YK Poudel | Samtse

Amidst the lush forests and towering mountains of Bukay in Samtse lies a sacred site that has been drawing pilgrims for centuries.

The Mahakal Dham is a Hindu temple dedicated to Lord Shiva, the destroyer of evil. The temple is believed to be one of the oldest in Bhutan, and it is said to be one of the sites where Lord Shiva meditated and performed penance.

Located just 10.3 kilometres from Samtse town, the Mahakal Dham is a beautiful and peaceful place. The small temple is built in the traditional Bhutanese style, with a sloping roof.

The temple, significant for both Hindu and Buddhist faithful, is especially busy during the annual Maha Shivaratri festival, which is celebrated in between February and March. During the season, thousands of pilgrims come to the temple to pray and offer sacrifices to Lord Shiva.

Mahakal Dham is managed by about 30 members of Bukay Dham Community Forest (BDCF). Pujari Basant Bhandari said that the exact origin and formation of the scared dham remains unknown. “The story passed down from our ancestors is that a herder discovered the sacred dham and gradually became a prominent destination for pilgrims.”

Devotees believe that their wishes get fulfilled, making it worth visiting. Hindu devotees from neighbouring Indian states of West Bengal, Darjeeling, and Sikkim visit the dham from autumn until the late spring seasons.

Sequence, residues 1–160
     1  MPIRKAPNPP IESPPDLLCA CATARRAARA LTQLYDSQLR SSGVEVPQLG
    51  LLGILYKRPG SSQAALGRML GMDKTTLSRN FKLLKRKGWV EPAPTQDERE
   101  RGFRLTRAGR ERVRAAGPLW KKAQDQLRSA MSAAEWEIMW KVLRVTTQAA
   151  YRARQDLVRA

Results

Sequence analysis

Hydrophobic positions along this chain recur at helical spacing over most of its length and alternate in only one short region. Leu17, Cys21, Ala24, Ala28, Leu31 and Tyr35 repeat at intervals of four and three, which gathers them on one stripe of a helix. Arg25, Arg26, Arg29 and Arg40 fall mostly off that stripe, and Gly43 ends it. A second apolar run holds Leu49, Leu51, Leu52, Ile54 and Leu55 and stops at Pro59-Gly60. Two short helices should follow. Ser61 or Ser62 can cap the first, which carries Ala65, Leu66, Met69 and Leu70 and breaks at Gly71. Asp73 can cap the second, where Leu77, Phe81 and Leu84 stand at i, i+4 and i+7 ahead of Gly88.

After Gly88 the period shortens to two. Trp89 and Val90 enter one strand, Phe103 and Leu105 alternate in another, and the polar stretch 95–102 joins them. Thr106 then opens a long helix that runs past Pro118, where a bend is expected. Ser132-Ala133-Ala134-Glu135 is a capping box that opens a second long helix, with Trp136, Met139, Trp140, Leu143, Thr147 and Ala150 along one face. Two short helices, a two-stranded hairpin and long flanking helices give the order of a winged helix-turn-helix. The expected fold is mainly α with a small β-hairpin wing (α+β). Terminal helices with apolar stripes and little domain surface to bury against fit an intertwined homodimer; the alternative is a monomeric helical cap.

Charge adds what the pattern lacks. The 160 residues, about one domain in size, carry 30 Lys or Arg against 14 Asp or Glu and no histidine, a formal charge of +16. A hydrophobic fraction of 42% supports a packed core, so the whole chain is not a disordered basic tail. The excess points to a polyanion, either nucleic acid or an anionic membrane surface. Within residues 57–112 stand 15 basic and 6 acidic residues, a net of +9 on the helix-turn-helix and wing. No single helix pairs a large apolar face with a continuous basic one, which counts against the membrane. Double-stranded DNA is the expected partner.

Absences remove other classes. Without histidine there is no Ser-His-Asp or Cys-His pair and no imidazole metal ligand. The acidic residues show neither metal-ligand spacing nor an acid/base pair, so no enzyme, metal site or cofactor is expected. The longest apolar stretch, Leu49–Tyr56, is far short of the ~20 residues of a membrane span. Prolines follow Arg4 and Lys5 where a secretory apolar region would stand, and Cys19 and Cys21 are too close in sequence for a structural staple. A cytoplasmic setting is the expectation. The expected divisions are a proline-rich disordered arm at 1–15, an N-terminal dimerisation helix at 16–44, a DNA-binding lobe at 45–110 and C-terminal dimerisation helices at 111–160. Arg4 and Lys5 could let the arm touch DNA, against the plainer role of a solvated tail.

There are two magnificently limestone caves in the dham. The larger one is believed to be a sacred place of Lord Shiva where he meditated. It has a place of offering deep inside the cave. It is believed to have two parts: inner and outer parts.

“The devotees offer milk and bael patta (Aegle marmelos) to Lord Shiva and seek blessings,” said Basant Bhandari.

The pilgrims bang one of the unique rock formations believed to be the damaru (two-headed ritual drum) of Lord Shiva, chanting in unison “Bam-Bam Bhole, Jai Bholenath or Har Har Mahadev!”

Another cave, smaller in size, is believed to be the cave of Goddess Devi, which is popular among female pilgrims.

The location of the Dham at the trijunction of two gewogs of Samtse and India is a popular eco-tourism destination. For Buddhists, the dham is the sacred place of Avalokiteshvara (Chenrigzig) and Mahakala (Pal Yeshey Gonpo).

BDCF’s chairman, TS Ghalley, said that fund constraint is a major challenge for the committee. During monsoon, the dham remains closed because of the swelling river. “We have proposed a paved road until the base camp and a better footpath with railing to Dzongkhag Tshogdu.”

A visitor from India said that railings need maintenance and the path is challenging. “Accidents can happen.”

Basant Bhandari said that dham could be marketed as a unique tourism product to bring international tourists to the south.